It’s one of the healthy buzzwords. You know omega-3 fatty acids are important, so much so that people take supplements to get enough. But then there’s all this talk about which supplements to take, and which fatty acids are best.
There are two crucial types of omega-3 fatty acids, although opinions are in no short supply on the internet about other types as well. There are also omega-7 fatty acids, but for the purposes of figuring what the best of the best omega-3 type is we’re going to stick to the essentials: EPA (eicosapentaenoic acid) and DHA (docosahexaenoic acid).
For obvious reason, these are referred to by their abbreviations. The important thing to understand is that these oils are crucial from day one—right off the bat, babies in gestation need access to these fatty oils for brain development and immunity, as well as heart health.
As adults, fatty acids continue to be important. These acids help with cholesterol levels and heart disease, and protect against inflammatory diseases like pancreatitis. Studies show that DHA and EPA are even better when consumed together.
So where do I get omega-3 fatty acids?
The catch is, our bodies don’t produce these naturally. And even though fatty acids are found in certain fish and in krill (hence the names), our bodies don’t always effectively absorb them. Fish and krill oil supplements are therefore all the more popular to up levels of these vital nutrients.
Flaxseeds and nuts, particularly walnuts, also deliver omega-3 fatty acids. However, our bodies are not as effective at absorbing the oil from nuts.
Although there are some great dinner ideas you could whip up with these omega-3-carrying ingredients, we would have to eat way too much to get the level of fatty acids we really need. And with some people getting nervous about all these reports of mercury and other metals in harvested fish, taking a look a supplements for omega-3 becomes a no brainer.
Fish oil vs. krill oil
Here’s where debate begins. It’s clear that supplements are necessary, but in recent news a New Zealand study showed that there are plenty of omega-3 supplements that don’t even have what they claim to have in their product. If you’re looking at supplements, be sure to flip the bottle over and look at what the bottle claims. Then put it right back on the shelf, get on the internet and check it out. Don’t waste your money on a shoddy product.
There are far more studies on fish oil than there are on krill oil, and therefore there are a lot more good reports and bad reviews about fish oil. Bear in mind that krill oil has not been “put to the test” as extensively. Here’s what they’ve found about fish oil:
• Studies that talk about fish oil discuss the metals in harvested fish; krill has much lower levels of these substances.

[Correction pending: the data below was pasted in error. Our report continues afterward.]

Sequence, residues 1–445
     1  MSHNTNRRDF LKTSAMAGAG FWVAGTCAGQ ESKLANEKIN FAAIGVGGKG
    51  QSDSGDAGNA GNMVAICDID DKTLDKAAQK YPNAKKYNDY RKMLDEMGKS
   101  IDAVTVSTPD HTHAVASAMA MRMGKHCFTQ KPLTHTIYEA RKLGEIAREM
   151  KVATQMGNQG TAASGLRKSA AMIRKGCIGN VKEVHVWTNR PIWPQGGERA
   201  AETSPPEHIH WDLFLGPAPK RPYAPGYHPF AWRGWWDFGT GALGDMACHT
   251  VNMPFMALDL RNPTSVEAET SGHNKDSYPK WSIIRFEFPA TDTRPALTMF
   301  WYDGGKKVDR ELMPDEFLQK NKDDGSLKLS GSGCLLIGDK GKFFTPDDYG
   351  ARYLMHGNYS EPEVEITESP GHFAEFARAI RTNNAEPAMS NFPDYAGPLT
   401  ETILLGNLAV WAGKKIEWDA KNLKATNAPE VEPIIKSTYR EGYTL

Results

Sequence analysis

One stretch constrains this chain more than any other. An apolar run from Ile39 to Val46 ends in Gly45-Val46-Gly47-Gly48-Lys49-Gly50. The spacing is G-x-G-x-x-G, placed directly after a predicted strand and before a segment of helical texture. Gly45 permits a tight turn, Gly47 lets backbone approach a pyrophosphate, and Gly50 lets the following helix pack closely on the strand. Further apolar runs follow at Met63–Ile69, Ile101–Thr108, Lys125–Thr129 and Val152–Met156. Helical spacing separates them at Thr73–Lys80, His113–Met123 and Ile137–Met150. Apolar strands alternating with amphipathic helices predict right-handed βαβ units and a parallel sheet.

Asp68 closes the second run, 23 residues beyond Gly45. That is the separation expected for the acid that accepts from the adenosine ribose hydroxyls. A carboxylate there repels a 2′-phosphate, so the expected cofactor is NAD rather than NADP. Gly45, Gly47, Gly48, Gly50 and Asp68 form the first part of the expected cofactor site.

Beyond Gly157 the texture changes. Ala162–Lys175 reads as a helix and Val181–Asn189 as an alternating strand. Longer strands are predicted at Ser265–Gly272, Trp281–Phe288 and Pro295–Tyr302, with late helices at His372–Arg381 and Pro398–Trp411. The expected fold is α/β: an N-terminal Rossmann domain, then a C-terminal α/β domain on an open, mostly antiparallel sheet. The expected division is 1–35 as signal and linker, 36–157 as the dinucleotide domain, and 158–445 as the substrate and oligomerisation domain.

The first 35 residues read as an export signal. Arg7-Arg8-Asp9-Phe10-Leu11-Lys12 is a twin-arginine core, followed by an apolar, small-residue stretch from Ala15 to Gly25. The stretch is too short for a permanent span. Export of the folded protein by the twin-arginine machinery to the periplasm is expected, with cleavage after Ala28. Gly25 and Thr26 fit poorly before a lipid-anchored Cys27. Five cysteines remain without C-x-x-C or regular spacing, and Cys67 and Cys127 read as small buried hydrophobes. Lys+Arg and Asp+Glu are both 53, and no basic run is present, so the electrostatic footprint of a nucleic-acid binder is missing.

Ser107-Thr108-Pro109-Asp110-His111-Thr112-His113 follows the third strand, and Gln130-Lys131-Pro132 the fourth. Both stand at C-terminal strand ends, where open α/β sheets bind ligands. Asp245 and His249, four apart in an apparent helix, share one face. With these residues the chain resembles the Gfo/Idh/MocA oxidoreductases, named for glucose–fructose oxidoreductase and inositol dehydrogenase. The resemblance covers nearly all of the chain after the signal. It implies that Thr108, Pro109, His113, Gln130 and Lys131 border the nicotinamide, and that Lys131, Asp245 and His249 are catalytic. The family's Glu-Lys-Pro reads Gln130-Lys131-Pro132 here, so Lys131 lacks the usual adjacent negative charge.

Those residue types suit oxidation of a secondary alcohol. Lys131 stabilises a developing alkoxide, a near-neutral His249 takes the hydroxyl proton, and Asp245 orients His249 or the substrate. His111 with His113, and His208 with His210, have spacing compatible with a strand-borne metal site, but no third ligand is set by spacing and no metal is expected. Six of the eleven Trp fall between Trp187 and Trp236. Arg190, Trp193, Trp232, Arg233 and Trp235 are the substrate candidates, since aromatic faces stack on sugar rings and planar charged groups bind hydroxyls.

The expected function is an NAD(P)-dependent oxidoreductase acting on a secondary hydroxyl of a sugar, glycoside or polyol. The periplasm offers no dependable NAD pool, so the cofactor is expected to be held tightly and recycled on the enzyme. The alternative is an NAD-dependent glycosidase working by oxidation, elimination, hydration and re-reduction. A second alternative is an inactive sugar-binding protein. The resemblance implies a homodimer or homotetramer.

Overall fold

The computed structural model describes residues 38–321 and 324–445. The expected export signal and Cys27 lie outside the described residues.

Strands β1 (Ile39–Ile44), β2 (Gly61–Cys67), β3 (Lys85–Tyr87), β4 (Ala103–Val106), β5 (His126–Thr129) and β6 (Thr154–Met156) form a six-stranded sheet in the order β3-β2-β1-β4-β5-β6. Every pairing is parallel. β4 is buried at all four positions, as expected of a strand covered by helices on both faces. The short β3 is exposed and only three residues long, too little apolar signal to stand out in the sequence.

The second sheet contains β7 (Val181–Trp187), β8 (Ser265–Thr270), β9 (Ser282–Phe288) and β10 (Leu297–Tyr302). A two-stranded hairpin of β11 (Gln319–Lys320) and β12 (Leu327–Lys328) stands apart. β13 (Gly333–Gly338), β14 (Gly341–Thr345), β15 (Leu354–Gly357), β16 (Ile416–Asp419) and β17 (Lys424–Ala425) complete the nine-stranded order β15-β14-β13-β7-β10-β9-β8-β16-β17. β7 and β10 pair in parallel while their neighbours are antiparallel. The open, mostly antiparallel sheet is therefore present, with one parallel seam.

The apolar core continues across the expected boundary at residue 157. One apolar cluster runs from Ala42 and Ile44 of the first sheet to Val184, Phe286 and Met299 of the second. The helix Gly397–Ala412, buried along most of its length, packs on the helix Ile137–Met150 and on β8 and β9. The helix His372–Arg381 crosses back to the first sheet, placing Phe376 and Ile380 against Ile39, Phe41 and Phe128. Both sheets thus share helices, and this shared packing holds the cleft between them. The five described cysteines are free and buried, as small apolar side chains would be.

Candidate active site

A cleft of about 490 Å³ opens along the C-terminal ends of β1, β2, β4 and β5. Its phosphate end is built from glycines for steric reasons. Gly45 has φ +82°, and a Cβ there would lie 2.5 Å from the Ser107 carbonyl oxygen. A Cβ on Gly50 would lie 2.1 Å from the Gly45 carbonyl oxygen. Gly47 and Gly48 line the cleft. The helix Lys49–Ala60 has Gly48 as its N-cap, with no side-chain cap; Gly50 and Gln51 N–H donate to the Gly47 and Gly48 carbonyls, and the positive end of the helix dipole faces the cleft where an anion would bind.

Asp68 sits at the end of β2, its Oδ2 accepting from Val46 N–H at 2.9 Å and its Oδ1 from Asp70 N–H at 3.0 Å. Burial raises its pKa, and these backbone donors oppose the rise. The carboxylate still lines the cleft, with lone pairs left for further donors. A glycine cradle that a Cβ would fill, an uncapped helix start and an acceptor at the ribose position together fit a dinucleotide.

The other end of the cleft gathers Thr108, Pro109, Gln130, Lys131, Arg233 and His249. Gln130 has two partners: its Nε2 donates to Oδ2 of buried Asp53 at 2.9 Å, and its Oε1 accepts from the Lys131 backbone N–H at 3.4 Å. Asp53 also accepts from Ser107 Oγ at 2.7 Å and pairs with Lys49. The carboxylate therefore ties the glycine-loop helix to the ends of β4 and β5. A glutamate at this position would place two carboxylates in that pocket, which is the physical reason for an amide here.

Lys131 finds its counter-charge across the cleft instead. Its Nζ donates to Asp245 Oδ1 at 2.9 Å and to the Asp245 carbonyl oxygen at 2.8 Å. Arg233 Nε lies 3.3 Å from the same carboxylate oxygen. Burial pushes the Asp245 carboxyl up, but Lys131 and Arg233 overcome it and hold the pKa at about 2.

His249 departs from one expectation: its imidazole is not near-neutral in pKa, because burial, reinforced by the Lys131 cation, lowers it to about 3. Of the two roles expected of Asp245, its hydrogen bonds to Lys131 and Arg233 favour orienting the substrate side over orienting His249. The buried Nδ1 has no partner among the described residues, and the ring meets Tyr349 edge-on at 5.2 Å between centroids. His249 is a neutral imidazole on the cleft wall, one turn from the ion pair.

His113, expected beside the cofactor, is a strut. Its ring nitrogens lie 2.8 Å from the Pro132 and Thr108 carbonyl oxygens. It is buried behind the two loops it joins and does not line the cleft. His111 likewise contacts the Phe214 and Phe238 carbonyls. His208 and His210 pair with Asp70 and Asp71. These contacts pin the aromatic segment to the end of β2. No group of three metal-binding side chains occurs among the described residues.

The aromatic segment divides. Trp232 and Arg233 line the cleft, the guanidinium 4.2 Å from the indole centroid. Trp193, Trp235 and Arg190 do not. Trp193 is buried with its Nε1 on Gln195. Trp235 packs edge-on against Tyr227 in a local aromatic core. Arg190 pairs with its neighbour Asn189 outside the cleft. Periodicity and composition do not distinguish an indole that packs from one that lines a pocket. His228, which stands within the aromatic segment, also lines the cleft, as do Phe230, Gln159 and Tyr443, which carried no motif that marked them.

• Fish oil has been shown to have higher levels of DHA and EPA fatty acids (30%, compared to 14% in krill oil).
• Taking a fish oil supplement has been shown to cause occasional fishy burps.
• Fish oil is a lot more common, and so there are more options on the market.
• Fish oil can be tested for freshness by splitting open a capsule and seeing if it smells “rotten.”
Krill oil has come a little further into the lime-light as the tug and war of fish oil continues to divide the health community. Here’s what they say:
• Krill is harder to fish, and so has less saturation in the market. It is much more expensive as a consequence.
• Krill oil might have lower levels of DHA and EPA fatty acids, but is more absorbable. The pills are also much smaller.
• The most common side effect of taking krill supplements is flatulence.
• Because there are less studies on krill oil, those arguing that it’s better or worse in terms of overall health benefits have limited and sometimes inconsistent information.
• Krill oil comes with antioxidants that help protect it in its capsule. This also means the split-test to smell for “rotten” oil doesn’t work with krill.
Both omega-3 supplements have their pros and cons, but maybe a single point stands out to you as the deciding factor. If what really got you thinking were the side effects (gas and more gas), just pick your “stank” and stay healthy.
Off to the pharmacy.
Once you’ve identified the omega-3 that makes sense for you, hit the pharmacy all the wiser. There are several more expensive options of each krill and fish oil that are also more reputable. Just make sure the product has what it says it has.
Even if you get the fanciest supplement, some doctors say it still isn’t enough. If you have heart or cholesterol issues (which fatty acids help to mitigate), your doctor might even write you a prescription for a supplement with much higher omega-3 levels.
Once you’ve splurged and you have your supplement in-hand, be sure to store it properly. Omega-3 supplements must be stored in cool places without direct sunlight. You can even make home for them in the fridge.